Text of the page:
(c) Project merit shall be determined based on expected benefit from the project, organizational capability to develop and manage the project, and probability of success, including but not limited to the following factors:

(1) proposed scope of health services;

(2) clinical management plan;

(3) governance;

(4) financial and administrative management; and

(5) community support, integration, collaboration, resources, and innovation.

The commissioner may elect not to award any of the community health center grants if applications fail to meet criteria or lack merit. The commissioner's decision on an application is final.

Subd. 6. Eligible expenditures. Grant recipients may use grant funds for the following types of expenditures:

(1) salaries and benefits for employees, to the extent they are involved in project planning and implementation;

(2) purchase, repair, and maintenance of necessary medical and dental equipment and furnishings;

(3) purchase of office, medical, and dental supplies;

(4) in-state travel to obtain training or improve coordination;

(5) initial operating expenses of community health centers;

(6) programs or plans to improve the coordination, effectiveness, or efficiency of the primary health care delivery system;

(7) facilities;

(8) necessary consultant fees; and

(9) reimbursement to rural-based primary care practitioners for equipment, supplies, and furnishings that are transferred to community health centers. Up to 65 percent of the grant funds may be used to reimburse owners of rural practices for the reasonable market value of usable facilities, equipment, furnishings, supplies, and other resources that the community health center chooses to purchase.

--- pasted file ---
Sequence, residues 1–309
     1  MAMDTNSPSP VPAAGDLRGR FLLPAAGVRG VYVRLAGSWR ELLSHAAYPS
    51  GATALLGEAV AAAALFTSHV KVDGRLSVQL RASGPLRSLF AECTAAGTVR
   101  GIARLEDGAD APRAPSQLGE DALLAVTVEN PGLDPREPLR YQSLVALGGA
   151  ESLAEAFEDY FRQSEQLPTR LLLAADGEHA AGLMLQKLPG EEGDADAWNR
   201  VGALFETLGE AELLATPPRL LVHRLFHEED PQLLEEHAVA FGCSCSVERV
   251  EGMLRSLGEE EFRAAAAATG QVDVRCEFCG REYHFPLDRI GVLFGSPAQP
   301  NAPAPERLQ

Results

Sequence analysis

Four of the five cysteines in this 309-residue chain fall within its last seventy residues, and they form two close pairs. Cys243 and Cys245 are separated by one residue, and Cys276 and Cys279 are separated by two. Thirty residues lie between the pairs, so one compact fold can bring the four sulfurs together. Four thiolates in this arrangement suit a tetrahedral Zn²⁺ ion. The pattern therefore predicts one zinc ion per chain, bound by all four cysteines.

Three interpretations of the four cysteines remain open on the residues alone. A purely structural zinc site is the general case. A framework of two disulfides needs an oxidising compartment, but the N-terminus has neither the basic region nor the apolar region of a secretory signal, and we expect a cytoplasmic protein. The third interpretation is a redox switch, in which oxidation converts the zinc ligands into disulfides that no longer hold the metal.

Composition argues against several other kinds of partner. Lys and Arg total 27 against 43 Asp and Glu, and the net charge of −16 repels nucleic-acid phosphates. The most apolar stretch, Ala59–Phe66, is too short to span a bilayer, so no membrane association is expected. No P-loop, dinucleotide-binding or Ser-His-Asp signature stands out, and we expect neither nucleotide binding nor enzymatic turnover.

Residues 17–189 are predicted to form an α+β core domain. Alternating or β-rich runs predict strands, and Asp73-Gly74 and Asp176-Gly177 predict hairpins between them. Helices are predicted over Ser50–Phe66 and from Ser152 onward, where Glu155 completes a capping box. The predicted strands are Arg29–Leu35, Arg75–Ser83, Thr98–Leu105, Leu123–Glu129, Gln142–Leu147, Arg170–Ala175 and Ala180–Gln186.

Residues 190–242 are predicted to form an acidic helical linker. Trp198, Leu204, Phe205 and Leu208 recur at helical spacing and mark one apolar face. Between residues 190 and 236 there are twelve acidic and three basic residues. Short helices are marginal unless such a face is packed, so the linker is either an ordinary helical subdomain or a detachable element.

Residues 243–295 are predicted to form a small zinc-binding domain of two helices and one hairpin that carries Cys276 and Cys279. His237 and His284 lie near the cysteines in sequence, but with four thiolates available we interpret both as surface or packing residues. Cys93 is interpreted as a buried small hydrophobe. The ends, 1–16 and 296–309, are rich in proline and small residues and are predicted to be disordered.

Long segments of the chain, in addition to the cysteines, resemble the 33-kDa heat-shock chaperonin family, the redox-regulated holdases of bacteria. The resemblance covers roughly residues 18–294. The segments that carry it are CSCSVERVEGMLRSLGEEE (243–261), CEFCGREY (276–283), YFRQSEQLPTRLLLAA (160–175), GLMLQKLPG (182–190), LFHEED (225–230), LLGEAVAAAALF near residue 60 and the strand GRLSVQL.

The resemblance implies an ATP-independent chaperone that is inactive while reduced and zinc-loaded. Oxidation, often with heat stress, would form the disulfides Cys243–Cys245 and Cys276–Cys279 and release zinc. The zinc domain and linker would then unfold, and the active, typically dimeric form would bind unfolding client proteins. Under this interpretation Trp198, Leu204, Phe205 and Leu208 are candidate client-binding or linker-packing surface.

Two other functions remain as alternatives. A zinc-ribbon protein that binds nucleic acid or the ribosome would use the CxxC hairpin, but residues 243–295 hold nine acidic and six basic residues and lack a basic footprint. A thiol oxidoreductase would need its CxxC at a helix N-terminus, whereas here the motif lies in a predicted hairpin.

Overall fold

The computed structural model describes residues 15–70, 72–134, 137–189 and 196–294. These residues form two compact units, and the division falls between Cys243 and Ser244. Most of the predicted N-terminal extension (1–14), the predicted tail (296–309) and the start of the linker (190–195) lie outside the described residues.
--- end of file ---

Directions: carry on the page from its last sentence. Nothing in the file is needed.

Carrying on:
Grant funds shall not be used to reimburse applicants for preexisting debt amortization, entertainment, and lobbying expenses.

Subd. 7. Special consideration. The commissioner, through the Office of Rural Health, shall make special efforts to identify areas of the state where need is the greatest, notify representatives of those areas about grant opportunities, and encourage them to submit applications.

Subd. 8. Requirements. The commissioner shall develop a list of requirements for community health centers and a tracking and reporting system to assess benefits realized from the program to ensure that projects are on schedule and effectively utilizing state funds.

The commissioner shall require community health centers established or supported through the grant program to:

(1) provide ongoing active local governance to the community health center and pursue community support, integration, collaboration, and resources;

(2) offer primary care services responsive to community needs and maintain compliance with requirements of all cognizant regulatory authorities, health center funders, or health care payers;

(3) maintain policies and procedures that ensure that no person will be denied services because of inability to pay; and

(4) submit brief quarterly activity reports and utilization data to the commissioner.

Subd. 9. Precautions. The commissioner may withhold, delay, or cancel grant funding if a grant recipient does not comply with program requirements and objectives.

Subd. 10. Technical assistance. The commissioner may provide, contract for, or provide supplemental funding for technical assistance to community health centers in the areas of clinical operations, medical practice management, community development, and program management.

HIST: 1992 c 549 art 5 s 12; 1993 c 247 art 5 s 13; 1994 c 625 art 8 s 40; 1995 c 234 art 8 s 34; 1999 c 247 s 7-9

Official Publication of the State of Minnesota
Revisor of Statutes